More than 1,100 soldiers and sailors took part in Operation Puget Thunder, a joint service mobilization and deployment exercise coordinated by the 70th Regional Support Command (RSC), Fort Lawton, Wash. The two-week long exercise, which was startled but not stopped by a 6.7-magnitude earthquake in the Puget Sound area on Feb. 28, simulated the mobilization and deployment of Army equipment and troops to a corps rear area in a major theater of war. That major theater of war was actually Yakima Training Center, about 160 miles east of Seattle.

In addition to some 600 Army Reserve soldiers from 70th RSC units in Washington, Idaho and Oregon, Operation Puget Thunder also involved men and women from other Army Reserve units, the active Army, Army National Guard, Navy Reserve, Coast Guard and Coast Guard Auxiliary. Training took place at Yakima, Fort Lewis and the Port of Tacoma, Wash.

The exercise began with four Army Reserve units being alerted at their home stations. These units were the 671st Engineer Company, Portland, Ore., the 396th Combat Support Hospital, Spokane, Wash., the 175th Transportation Company, Tacoma, Wash., and, from the eastern United States, the 357th Chemical Company, Camden, N.J.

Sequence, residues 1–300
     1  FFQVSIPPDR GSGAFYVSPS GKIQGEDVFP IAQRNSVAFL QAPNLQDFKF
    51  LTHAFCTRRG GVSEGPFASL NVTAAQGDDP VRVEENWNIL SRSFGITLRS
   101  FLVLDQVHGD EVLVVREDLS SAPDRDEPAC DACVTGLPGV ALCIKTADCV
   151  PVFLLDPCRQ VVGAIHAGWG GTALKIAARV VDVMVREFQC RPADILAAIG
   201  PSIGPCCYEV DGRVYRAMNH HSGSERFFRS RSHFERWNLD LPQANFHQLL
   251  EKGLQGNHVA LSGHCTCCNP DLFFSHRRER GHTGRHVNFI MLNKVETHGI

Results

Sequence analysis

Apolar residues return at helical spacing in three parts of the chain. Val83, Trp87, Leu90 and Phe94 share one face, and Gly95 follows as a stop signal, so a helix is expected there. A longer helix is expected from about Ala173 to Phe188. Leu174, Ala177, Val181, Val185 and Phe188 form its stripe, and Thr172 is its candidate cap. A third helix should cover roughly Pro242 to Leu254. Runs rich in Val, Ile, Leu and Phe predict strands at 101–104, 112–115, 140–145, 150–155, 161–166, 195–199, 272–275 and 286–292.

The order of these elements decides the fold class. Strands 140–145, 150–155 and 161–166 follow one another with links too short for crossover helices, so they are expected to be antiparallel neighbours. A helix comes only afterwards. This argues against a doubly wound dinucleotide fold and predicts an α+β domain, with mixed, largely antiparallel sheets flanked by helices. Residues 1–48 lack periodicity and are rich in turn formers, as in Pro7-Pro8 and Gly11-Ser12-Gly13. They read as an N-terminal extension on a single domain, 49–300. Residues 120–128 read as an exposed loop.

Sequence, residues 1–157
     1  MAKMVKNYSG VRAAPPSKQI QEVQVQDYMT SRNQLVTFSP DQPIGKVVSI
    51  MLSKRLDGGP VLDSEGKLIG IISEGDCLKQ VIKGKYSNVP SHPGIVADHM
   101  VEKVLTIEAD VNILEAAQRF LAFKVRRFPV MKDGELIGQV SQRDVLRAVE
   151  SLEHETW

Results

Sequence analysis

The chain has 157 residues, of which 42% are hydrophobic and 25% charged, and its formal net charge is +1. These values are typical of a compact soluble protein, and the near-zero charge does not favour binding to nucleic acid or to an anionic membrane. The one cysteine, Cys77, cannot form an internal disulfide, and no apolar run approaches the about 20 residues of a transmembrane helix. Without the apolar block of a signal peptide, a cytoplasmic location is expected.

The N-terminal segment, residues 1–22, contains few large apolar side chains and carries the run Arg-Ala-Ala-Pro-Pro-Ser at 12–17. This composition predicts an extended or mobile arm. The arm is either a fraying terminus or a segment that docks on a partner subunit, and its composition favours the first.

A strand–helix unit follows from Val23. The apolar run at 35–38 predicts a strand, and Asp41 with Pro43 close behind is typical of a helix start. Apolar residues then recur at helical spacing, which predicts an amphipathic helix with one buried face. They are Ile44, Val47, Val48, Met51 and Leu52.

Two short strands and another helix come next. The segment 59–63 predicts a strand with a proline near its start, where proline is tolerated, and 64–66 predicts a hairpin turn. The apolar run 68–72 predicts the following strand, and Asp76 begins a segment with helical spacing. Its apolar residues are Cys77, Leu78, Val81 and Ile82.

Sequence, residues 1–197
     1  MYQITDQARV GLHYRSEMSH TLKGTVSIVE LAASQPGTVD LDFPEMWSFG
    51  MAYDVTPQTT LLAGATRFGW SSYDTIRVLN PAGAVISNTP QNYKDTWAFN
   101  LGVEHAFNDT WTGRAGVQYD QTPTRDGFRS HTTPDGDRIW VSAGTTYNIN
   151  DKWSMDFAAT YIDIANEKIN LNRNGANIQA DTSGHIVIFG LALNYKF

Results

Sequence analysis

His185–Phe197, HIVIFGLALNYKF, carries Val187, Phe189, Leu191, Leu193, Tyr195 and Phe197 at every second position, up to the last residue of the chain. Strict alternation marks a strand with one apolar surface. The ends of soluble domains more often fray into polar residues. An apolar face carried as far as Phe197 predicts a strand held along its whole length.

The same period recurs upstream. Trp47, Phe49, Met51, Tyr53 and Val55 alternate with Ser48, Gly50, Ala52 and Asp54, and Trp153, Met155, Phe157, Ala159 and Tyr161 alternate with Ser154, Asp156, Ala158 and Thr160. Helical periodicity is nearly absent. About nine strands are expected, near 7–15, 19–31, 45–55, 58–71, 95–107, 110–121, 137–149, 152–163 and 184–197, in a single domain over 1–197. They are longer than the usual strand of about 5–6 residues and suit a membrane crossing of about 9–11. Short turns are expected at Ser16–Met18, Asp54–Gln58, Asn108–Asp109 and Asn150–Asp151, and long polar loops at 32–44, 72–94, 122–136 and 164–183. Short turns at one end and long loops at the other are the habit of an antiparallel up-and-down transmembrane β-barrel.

These units moved to Fort Lewis, where their vehicles were weighed and soldier readiness processing done by the 2122nd Garrison Support Unit, Fort Lewis, supported by the 6350th U.S. Army Hospital. More than 675 Army Reservists were processed. This meant reviewing each soldier's personnel, medical and dental records and ensuring the files were up to date and completed accurately.

At the Port of Tacoma, the 1395th Transportation Terminal Brigade from Seattle took command of the Pierce County Terminal there. Along with six of its subordinate units, the Navy Reserve and the Coast Guard, the 1395th took over port operations. A total of 148 vehicles were loaded onto a roll-on/roll-off ship, the SS Cape Island of the Military Sealift Command, as well as onto Army Reserve landing craft of the 175th Transportation Company.

The Navy Reserve's Cargo Handling Battalion -5 from Portland, Ore., sling-loaded 21 vehicles from the Cape Island to landing craft, mechanized and landing craft, utility (LCM/LCU) of the 467th Transportation Company, Tacoma, and a logistic support vessel (LSV) of the 805th Transportation Company, Tacoma. This was done as a demonstration of operations that would be done at an unimproved port.